It’s easy to get bogged down by resolutions and all the things you want to change in your life, but the New Year isn’t supposed to be a time of stress and anxiety. While being healthier or reading more or being more outgoing might be your resolutions – don’t let them cause you distress or take over your life.
It’s important to carve out time for yourself and do what you love, no matter what it is. If you love reading in the bathtub, or knitting, or even just relaxing in front of the TV – make time for that. Even if what you love goes against your resolutions, you should incorporate it into your life anyway. Life’s too short not to do what you love. Your mental health is just important as your physical health, and by doing the activities that you love to do, you’re giving yourself that mental self-care.
Last Word on New Year’s Habits:
New Year’s Resolutions often fail and one of the main reasons for that is because people try and change too much too soon. It’s easy to tell yourself that come January you’ll change your diet, work out every day and practice meditation, but it’s simply not realistic. If you try and take on too many goals at once, you’re setting yourself up for failure. Instead, make a list of big goals, but break them down into smaller, more attainable habits that you can do every day. Getting healthier and sticking with it is a marathon, not a sprint, so treat it that way.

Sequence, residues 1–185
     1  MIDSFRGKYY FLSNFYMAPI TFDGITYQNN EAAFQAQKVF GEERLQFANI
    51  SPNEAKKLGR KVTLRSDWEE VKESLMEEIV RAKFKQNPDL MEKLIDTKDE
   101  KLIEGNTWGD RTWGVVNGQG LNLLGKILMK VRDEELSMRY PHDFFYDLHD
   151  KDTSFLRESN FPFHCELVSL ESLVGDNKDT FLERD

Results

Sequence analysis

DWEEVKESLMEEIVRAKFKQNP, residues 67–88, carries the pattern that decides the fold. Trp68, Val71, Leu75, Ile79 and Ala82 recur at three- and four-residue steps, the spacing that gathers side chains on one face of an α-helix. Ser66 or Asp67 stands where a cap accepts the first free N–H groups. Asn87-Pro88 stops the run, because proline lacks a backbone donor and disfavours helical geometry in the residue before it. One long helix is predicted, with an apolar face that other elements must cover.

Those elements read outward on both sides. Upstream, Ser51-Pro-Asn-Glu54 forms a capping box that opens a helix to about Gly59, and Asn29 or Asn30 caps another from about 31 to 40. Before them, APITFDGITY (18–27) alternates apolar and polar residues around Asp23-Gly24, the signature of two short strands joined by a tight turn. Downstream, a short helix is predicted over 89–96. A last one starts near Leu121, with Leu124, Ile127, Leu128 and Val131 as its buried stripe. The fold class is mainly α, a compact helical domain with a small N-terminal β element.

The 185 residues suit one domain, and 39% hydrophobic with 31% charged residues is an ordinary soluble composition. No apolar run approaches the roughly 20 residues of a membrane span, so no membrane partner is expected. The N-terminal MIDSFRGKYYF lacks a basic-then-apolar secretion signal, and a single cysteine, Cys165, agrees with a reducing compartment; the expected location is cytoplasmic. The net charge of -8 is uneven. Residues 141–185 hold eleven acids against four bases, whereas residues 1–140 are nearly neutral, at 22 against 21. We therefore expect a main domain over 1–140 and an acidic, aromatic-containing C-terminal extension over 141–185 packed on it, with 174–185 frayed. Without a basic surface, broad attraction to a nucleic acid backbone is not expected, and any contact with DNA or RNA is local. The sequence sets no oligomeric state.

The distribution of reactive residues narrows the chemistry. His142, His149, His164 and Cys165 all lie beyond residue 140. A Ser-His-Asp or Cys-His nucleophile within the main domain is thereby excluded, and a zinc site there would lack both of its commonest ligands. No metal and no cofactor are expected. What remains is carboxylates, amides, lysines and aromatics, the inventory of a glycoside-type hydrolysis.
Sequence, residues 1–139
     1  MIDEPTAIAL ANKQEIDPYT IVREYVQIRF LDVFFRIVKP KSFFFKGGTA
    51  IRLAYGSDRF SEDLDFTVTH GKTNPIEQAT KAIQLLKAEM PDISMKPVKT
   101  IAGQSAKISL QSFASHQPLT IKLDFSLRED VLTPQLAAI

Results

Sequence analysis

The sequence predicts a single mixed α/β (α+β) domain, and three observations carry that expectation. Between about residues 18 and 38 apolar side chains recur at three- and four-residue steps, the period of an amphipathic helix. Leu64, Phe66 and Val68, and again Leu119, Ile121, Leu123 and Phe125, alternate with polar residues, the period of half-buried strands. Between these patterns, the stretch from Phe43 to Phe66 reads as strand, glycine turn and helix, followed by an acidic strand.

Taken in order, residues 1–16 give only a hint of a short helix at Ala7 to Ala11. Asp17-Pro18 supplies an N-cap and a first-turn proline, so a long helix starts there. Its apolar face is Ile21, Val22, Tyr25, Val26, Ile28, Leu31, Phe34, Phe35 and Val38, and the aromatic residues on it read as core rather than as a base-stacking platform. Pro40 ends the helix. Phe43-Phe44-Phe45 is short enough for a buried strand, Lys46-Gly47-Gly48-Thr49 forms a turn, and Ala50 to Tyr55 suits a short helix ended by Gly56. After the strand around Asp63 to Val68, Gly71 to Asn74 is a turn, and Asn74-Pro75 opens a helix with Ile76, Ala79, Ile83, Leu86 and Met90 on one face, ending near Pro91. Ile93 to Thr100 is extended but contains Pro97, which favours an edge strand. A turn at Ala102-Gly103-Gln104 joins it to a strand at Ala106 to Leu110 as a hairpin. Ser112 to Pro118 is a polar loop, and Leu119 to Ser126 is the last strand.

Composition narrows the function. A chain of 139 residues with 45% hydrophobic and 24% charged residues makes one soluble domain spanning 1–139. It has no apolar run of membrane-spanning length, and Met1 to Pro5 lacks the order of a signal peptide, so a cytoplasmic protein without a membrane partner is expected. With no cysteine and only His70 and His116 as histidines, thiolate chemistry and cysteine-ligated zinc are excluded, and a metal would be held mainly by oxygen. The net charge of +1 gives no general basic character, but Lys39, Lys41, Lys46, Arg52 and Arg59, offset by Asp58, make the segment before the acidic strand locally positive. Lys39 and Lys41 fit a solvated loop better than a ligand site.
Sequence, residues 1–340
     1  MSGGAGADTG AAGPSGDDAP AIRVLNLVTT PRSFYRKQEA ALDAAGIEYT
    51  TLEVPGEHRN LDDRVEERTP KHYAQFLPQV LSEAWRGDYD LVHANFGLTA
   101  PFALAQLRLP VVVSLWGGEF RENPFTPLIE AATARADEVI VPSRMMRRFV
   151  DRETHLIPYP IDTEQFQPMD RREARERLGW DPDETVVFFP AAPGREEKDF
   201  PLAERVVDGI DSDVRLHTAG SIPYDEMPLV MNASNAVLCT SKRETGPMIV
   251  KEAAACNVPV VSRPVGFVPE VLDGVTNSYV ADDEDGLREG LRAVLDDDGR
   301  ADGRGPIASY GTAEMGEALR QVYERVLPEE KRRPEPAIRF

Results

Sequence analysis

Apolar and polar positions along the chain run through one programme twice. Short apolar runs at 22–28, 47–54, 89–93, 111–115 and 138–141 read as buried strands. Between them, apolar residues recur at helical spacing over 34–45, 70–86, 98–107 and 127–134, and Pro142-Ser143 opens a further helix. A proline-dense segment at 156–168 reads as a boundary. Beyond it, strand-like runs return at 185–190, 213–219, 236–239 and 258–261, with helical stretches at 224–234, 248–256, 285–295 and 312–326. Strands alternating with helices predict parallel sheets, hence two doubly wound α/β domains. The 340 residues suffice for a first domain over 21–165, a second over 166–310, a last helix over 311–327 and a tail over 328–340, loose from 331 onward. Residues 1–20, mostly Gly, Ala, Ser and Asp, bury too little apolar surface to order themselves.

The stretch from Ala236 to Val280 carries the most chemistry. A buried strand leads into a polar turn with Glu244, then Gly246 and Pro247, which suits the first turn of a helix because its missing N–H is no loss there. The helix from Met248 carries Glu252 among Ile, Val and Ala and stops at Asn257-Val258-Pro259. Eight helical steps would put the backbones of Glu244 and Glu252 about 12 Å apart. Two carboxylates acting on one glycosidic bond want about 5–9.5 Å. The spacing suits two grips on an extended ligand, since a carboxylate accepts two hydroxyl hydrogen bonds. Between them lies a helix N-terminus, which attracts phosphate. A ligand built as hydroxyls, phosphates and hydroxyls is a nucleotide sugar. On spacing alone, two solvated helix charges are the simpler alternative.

These habits are small and hopefully achievable for everyone that wants to use them. However, don’t feel bad about not sticking with something or not being able to commit fully. We are all too hard on ourselves and put so much pressure to do better on New Year’s. Just remember that while New Year’s is a great time to reflect and try some new things, you can add habits and make goals any time of the year. These won’t happen overnight, and it may take months or years to establish life-long habits, so give yourself a break and enjoy life.